Crowhurst was told job would be eliminated


— Steamboat Springs High School Athletics Director Bruce Crowhurst was in disbelief Tuesday when he went to the Colorado Associate of School Executives Web site: There, he found a job listing for the position he resigned from two weeks ago after he was told it would be eliminated to cut costs.

On Monday night, district officials announced they developed a plan that would make it fiscally possible to retain both the athletics director and the athletics director secretary positions for the upcoming school year. Tuesday, Crowhurst read about the district's change of plans in the newspaper. Then he found his position advertised on line.

"They didn't even tell me they posted it," Crowhurst said. "Maybe because I accepted another job they thought it was a moot point."

Crowhurst reached a verbal agreement with Middle Park High School principal Dale Fleming to become the school's athletics director on May 19 -- the same day Steamboat Springs High School principal David Schmid informed Crowhurst of the decision to eliminate his position.

"I don't want the community to think I bailed," Crowhurst said. "I was told I didn't have a job. I was also told it was better to resign that to have the position not retained."

The school district is under legal obligation to notify all certified employees by June 1 if their jobs won't be retained, Superintendent Cyndy Simms said Tuesday.

As of May 30 -- three days before Simms announced her recommended budget cuts to the Steamboat Springs School Board -- the high school AD position was still on her list of cuts, Simms said.

However, she took the AD position off the list before Monday's School Board meeting, after what she called "creative thinking" from the administrative team provided enough revenue to continue funding it.

Schmid and Steamboat Springs High School Vice Principal Mike Knezevich are members of that team and would have been the individuals primarily responsible for picking up the vacated athletics directors' duties.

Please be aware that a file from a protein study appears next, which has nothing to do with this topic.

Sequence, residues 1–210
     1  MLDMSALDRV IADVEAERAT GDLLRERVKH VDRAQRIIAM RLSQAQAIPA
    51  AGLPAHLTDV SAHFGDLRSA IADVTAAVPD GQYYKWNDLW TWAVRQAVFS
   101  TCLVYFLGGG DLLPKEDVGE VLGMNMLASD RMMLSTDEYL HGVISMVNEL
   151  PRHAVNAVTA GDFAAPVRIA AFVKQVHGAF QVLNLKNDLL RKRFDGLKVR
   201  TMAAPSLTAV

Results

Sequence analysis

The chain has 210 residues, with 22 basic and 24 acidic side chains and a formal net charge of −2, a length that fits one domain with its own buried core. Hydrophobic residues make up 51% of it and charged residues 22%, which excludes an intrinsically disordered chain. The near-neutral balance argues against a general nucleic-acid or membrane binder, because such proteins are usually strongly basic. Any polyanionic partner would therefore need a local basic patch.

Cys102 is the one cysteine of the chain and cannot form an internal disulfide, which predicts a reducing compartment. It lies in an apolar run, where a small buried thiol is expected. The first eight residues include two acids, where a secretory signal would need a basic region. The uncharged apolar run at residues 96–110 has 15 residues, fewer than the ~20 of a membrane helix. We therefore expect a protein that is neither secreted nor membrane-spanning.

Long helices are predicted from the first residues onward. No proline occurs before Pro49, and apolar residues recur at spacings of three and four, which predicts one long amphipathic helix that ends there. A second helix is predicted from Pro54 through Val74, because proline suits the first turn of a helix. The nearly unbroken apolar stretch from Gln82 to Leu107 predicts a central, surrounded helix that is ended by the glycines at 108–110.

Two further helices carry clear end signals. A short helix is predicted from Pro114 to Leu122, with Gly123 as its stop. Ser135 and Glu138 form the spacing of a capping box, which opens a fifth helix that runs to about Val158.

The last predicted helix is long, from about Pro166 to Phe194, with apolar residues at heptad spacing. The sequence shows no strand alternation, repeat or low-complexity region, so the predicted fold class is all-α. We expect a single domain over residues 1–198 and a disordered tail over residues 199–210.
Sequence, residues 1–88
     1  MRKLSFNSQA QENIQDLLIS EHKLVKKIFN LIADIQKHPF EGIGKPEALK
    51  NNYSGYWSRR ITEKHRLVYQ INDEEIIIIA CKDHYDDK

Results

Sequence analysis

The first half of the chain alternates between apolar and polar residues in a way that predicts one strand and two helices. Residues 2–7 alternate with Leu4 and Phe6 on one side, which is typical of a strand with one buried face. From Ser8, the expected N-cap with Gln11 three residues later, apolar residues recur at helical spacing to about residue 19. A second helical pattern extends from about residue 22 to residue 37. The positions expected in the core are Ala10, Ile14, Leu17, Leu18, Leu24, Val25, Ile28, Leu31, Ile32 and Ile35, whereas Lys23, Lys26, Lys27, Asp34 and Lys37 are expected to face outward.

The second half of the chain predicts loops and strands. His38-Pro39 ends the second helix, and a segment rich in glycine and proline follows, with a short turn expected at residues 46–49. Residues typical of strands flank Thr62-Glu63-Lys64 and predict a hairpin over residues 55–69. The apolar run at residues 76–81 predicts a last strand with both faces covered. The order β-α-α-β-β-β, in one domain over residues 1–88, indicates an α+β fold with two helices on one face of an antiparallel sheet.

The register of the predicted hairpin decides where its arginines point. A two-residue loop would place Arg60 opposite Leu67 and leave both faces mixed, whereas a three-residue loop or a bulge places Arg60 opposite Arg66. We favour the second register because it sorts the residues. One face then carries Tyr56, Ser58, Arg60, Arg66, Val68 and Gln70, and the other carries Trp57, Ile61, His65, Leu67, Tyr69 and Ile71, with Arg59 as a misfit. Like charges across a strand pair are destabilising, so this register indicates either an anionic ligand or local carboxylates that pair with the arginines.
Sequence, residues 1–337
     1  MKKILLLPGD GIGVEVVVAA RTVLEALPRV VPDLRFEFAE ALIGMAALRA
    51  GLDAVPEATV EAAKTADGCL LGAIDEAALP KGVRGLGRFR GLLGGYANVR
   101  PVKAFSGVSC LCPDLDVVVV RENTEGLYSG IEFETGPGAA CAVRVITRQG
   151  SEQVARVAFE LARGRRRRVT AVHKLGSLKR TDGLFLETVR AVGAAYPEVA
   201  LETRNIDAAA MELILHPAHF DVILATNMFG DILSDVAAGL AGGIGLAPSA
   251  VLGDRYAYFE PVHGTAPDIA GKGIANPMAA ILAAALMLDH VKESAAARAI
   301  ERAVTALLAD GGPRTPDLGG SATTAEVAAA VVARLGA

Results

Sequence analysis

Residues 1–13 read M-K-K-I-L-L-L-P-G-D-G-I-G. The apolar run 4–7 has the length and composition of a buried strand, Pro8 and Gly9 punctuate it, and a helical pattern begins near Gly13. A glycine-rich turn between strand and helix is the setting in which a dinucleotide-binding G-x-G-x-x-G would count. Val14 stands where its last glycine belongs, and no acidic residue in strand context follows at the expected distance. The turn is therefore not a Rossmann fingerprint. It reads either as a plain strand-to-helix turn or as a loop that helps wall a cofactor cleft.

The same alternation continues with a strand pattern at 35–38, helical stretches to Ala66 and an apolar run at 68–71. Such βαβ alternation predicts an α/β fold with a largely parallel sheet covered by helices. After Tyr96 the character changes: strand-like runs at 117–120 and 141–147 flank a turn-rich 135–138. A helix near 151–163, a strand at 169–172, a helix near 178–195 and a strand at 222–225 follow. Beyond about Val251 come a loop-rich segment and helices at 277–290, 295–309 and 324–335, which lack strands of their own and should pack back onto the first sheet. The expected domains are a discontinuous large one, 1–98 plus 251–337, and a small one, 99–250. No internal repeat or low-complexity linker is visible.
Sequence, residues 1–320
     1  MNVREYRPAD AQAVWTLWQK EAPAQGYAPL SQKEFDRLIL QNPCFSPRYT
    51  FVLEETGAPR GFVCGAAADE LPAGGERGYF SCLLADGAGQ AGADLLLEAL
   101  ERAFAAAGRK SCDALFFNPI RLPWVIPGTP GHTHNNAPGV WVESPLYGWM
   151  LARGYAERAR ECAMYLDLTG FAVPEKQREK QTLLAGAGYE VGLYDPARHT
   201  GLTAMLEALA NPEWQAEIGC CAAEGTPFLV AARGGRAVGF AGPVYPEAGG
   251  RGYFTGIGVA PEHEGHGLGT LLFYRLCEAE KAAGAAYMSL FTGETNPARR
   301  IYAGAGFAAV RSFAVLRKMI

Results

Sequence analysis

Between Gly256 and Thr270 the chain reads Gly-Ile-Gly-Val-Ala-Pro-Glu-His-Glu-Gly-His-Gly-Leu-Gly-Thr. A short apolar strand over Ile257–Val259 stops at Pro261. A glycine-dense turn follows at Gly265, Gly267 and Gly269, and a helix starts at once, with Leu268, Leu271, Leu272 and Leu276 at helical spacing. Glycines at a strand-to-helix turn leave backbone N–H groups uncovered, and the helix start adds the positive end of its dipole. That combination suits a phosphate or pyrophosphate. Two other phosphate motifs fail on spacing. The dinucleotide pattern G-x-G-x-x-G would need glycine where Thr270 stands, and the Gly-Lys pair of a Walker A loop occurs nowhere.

"There are a lot of sports and over 40 coaches," Schmid said. "That's why we tried to scrape the money together to create funds for the position."

The $50,000 needed to pay for the AD and that person's secretary will be generated from, among other things, an increase in athletic participation fees, which will be sent to the district instead of retained by the high school.

Privately funded sports -- golf, tennis, skiing, hockey, baseball and lacrosse -- can expect an additional increase in costs as well.

Establishing hockey as a high school sport was a major factor in Crowhurst's decision to turn down an offer from Middle Park last year. But the rapport he established with coaches, parents and athletes in every sport over the last two years makes it tougher to leave Steamboat.

"We have the finest coaching staff I've been around," Crowhurst said. "They are great ... One of the things I did that probably some ADs don't do is I really try to go to as much stuff as I can. I don't go to every single event because it's my job. I like to see the kids perform. I never get tired of it."

The Middle Park School District didn't know that Crowhurst's job was temporarily eliminated hours before it contacted him about an opening on its staff.

Crowhurst said the school still doesn't know.

Crowhurst and his wife, Kathy, who is seven months pregnant, weren't counting on leaving Steamboat so soon.

But two weeks from Friday, Crowhurst's contractual obligations to Steamboat officially end. He spent recent weeks scrambling around -- between countless phone calls and visits from well-wishers -- tweaking schedules to finalize things, particularly through the winter season.

He officially begins at Middle Park on Aug. 11.

A search for a new Steamboat AD is already underway.

"We are waiting for applicants, and then we are going to do an interview with a pretty comprehensive committee hopefully within the next week or so," Schmid said.

Brent Boyer contributed to this report.


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